adding a voltage offset to said ramp signal when said boost mode has been selected, said voltage offset proportional to the phase difference between said first clock signal and said second clock signal.
Description
TECHNICAL FIELD

The embodiments described below relate, in general, to switch mode power supplies and, in particular, to efficient and automatic switching regulators operating from input voltages that are above, below, or equal to the output voltage.

BACKGROUND

Switch mode power supply (SMPS) is popular in powering ASICs, DRAMs, and other electronic devices because of its high efficiency. The selection of the SMPS topology requires consideration of the relationship of the input and output voltages. In some applications, the input voltage may be above, below, or equal to the output voltage.

One example is the portable devices such as digital cameras that use a single-cell Li-lon battery to power a 3.3V rail, where the battery voltage is about 4.2V after charging up and drops to about 2.7V before the camera ceases to function. Appropriate efficiency is also required during the entire range of operation to maximize the battery usage life despite its limited size and weight. Such applications require SMPS's that can operate efficiently and automatically with input voltages that are above, below, or equal to the output voltage.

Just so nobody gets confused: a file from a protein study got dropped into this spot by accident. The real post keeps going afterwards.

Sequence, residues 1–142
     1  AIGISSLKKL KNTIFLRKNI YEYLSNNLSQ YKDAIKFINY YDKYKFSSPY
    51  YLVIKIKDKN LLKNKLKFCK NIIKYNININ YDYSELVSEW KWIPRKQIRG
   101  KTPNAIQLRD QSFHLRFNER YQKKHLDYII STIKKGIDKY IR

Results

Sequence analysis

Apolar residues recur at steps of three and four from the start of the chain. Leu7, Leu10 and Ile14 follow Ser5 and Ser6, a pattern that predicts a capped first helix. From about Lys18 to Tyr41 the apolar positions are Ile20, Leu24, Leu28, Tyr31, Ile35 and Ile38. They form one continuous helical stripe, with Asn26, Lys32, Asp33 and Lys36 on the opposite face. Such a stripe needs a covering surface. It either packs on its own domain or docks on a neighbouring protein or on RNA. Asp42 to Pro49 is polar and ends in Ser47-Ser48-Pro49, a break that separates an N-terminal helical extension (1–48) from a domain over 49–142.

A buck converter can only be used if an input voltage remains higher than the output voltage. On the other hand, a boost converter may only be used if the input voltage stays less than the output voltage at all times. The well-known buck-boost converter can operate automatically from input voltages above, below, or equal to the output voltage, but cannot maintain a high efficiency over a wide range of input voltages. The buck-boost converter has a reasonable efficiency only when the input voltage is close to the output voltage, but it has much less efficiency than a buck converter when the input voltage is above the output voltage and much less than a boost converter when input voltage is below the output voltage.